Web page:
SHIFTING MARYLAND'S 330,000 Medicaid recipients to managed-care programs was initially envisioned as a way to stem the rapid rise in government costs for this $2.3 billion program. But as the transition gets under way this week, the focus is on better medical care, not saving money.
That is how it should be. The biggest benefit could flow from giving each patient a "medical home" with a primary care physician who is responsible for that individual's well-being. A flat fee to the participating health-maintenance organizations acts as an incentive for these physicians to make sure Medicaid clients receive preventive treatment and that diseases are handled as soon as they crop up.
What a change this could make for the state's poor and disabled. Under the old Medicaid system, too many patients turned to hospital emergency rooms for help even for a bad cold. That not only proved extraordinarily expensive for taxpayers but it meant patients lacked a family physician who could quickly handle such a situation without much expense or delay.
A healthier Maryland Medicaid population is expected to have a major impact on state hospitals, which anticipate a 20 percent loss of Medicaid business. That should be viewed as good news, because it means fewer recipients will need hospitalization.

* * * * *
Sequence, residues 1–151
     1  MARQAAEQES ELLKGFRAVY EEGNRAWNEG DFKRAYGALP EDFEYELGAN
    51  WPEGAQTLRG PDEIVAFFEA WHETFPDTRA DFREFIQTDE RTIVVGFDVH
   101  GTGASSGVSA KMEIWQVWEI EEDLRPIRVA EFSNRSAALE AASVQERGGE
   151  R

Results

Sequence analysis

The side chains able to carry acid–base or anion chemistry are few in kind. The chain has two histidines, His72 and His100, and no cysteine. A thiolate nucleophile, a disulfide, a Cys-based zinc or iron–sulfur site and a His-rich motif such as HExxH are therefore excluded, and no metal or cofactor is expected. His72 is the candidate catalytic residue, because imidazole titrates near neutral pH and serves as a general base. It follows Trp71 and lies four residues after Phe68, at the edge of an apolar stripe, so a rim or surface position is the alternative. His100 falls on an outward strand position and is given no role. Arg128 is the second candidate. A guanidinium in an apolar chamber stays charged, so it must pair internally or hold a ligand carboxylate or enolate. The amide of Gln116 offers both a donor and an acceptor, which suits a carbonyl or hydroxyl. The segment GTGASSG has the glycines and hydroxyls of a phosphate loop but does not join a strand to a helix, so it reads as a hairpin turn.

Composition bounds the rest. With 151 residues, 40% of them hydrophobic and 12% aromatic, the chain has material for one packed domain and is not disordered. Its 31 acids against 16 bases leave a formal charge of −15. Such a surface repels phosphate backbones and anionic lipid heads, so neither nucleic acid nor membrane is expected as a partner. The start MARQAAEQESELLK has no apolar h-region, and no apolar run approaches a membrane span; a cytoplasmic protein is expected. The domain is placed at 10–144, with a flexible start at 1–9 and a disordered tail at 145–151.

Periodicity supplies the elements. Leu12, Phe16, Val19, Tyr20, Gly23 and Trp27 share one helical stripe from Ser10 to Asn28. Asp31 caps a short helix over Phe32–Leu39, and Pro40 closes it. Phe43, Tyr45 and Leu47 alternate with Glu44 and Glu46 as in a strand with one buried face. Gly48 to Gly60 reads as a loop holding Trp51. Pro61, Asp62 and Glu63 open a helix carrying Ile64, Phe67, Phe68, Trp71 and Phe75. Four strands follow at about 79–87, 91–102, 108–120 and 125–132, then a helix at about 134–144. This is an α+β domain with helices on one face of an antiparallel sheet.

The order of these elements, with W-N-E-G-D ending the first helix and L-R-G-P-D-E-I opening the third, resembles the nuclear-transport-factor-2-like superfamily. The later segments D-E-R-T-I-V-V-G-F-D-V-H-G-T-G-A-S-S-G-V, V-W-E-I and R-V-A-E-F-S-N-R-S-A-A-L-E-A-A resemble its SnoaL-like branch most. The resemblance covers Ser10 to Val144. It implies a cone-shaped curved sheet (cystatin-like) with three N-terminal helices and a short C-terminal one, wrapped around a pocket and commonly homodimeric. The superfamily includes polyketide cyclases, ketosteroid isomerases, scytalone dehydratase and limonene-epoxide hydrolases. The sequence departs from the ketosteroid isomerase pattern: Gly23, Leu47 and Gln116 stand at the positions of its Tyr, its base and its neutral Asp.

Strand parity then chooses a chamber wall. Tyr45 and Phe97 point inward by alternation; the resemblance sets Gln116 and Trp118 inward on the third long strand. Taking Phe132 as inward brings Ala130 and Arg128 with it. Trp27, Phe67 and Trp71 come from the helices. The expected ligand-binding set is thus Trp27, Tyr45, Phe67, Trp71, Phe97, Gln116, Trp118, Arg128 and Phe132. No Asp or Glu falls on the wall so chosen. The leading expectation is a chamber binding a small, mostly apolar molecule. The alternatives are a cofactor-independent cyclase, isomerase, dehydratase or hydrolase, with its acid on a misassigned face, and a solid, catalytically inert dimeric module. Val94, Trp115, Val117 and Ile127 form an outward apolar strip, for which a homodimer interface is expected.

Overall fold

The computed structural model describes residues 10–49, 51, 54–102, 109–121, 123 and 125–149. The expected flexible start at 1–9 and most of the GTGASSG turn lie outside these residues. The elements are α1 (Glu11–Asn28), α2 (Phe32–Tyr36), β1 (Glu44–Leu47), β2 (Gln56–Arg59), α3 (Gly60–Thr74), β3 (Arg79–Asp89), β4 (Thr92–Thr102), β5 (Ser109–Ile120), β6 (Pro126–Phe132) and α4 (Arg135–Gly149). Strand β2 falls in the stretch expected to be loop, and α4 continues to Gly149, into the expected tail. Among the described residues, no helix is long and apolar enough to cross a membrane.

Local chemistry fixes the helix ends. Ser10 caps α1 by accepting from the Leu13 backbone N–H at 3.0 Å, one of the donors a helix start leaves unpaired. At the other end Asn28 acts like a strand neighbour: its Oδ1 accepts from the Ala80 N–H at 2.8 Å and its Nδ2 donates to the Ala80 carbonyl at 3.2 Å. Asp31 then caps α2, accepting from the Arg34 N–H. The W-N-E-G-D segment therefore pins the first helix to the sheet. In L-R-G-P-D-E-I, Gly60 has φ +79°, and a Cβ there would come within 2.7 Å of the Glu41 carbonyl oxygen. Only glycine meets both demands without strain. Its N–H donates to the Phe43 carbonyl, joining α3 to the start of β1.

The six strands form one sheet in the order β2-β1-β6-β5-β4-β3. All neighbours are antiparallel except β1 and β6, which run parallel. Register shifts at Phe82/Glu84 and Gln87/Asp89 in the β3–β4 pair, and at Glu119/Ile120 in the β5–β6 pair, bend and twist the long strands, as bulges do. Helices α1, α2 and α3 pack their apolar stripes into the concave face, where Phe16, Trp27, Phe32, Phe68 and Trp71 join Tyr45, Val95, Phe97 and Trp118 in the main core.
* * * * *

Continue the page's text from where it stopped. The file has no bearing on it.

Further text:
Over the long term, a managed-care Medicaid program could consume a smaller portion of the government's health-care dollar. There is no guarantee this will happen, though. Kinks in the new system are inevitable. For instance, the state's initial reimbursement rates may prove too low for companies to turn a modest profit without scrimping on medical services.
Still, this step was long overdue. Providing more personalized, managed care for the poor and disabled makes sense from a medical standpoint. That, in turn, should wring some of the excess costs out of Maryland's health-care system. While the initial transition may have its rough spots, the end result should be worth it.
Pub Date: 6/03/97